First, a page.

Core tip: As therapeutic interventions administered at the time myocardial reperfusion have been proven to reduce infarct size in both experimental and clinical models, the existence of a lethal reperfusion injury and its contribution to ischemic cardiac cell death can no longer be ignored. Patients presenting with an acute ST-segment elevation myocardial infarction will likely benefit from therapy aimed at the timely administration of drugs, most likely via primary percutaneous coronary intervention, for the reduction/prevention of lethal reperfusion injury. This approach will ensure that patients maximally benefit from the myocardial salvage that results from these therapies.


Acute myocardial infarction (AMI) is a major cause of mortality and morbidity worldwide. Each year, an estimated 785000 persons will have a new AMI in the United States alone and approximately every minute an American will succumb to one[1]. In addition, AMI has major psychological and legal implications for patients and society and is an important outcome measure in research studies. The prevalence of AMI provides useful data regarding the burden of coronary artery disease and offers insight into health care planning, policy and resource allocation[1].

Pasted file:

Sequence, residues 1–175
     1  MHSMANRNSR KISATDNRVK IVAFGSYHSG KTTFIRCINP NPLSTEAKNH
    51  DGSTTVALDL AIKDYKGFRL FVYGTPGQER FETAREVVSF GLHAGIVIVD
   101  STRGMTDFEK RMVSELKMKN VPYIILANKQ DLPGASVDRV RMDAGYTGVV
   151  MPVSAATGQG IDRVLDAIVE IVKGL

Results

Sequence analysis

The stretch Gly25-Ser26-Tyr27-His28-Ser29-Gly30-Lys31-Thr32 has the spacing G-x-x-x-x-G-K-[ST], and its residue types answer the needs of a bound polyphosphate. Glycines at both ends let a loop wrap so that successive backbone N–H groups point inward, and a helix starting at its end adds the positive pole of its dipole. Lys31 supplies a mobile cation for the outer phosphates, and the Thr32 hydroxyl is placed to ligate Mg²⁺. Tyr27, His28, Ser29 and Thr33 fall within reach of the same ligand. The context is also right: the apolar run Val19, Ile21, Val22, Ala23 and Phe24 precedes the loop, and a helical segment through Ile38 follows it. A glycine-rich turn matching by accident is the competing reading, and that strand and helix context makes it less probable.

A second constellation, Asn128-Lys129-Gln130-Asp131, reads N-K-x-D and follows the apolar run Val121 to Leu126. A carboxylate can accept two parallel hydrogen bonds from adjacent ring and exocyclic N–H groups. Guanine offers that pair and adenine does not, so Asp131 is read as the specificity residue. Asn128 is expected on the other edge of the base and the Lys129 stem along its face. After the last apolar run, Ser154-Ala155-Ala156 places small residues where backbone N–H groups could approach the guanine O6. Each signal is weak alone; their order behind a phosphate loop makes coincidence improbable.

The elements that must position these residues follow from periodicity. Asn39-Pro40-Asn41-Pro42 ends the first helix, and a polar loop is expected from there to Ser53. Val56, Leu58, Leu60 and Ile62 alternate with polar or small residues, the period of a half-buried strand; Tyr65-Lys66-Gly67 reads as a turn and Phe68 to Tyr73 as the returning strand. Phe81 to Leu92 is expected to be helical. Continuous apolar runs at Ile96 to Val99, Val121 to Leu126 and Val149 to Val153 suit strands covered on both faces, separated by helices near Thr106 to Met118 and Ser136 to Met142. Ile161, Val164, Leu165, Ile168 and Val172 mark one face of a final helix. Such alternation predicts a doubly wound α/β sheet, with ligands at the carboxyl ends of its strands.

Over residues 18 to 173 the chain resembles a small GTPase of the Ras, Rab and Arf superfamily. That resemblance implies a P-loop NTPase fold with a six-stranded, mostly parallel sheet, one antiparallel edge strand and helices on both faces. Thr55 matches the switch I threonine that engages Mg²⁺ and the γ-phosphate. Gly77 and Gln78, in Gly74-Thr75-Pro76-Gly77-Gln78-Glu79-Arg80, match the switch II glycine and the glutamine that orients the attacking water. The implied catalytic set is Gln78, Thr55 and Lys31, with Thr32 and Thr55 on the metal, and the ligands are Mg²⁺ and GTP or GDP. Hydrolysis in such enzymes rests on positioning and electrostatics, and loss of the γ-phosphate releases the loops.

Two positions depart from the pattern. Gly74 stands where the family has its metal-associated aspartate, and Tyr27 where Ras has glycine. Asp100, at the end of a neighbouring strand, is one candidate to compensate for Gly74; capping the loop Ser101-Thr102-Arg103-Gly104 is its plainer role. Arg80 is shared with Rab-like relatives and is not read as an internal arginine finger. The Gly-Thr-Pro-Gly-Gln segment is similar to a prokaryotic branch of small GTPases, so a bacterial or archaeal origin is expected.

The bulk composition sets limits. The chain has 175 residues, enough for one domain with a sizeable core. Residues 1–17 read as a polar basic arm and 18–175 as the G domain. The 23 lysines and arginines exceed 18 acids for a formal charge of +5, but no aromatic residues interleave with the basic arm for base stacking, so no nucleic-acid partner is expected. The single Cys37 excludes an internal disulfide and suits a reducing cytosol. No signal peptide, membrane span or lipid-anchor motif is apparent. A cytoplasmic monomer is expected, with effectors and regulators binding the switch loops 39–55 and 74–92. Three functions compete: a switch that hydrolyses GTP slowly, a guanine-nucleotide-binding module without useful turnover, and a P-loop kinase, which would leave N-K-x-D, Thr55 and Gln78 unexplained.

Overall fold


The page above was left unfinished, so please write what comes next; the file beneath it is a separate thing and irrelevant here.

The rapid time course of AMI and the temporal limitation on the maximal effectiveness of reperfusion constitute the pathobiological basis for the contemporary clinical strategies that emphasize early intervention within 1-2 h after the onset of symptoms[2]. Currently, timely myocardial reperfusion using either thrombolytic therapy or primary percutaneous coronary intervention forms the cornerstone of treatment for acute ST-segment elevation myocardial infarction (STEMI) patients[3]. However, mortality remains substantial in these patients, with in-hospital mortality ranging between 6% and 14%[4].

Reperfusion profoundly alters the outcome of an evolving AMI. If instituted in a timely manner, a potential transmural AMI can be prevented and the extent of necrosis greatly reduced and limited to the subendocardium. However, some injured cardiomyocytes at the edge of the wavefront become irreversibly injured during the reperfusion phenomenon, producing a component of lethal reperfusion injury[5]. After reperfusion, the salvaged myocardium exhibits impaired contractile function, a form of nonlethal reperfusion injury referred to as myocardial stunning. The earlier the reperfusion, the less total necrosis that occurs (including both the ischemia-induced and reperfusion-induced component), as well as the earlier the recovery of contractile function from the transient stunning. Conversely, reperfusion can be rendered less effective by the microvascular damage and obstruction that develop during the ischemic phase; this is known as the no-reflow phenomenon[6,7].

In this minireview, we provide an overview of myocardial reperfusion injury and highlight potential pharmacological interventions for preventing it in reperfused-STEMI patients.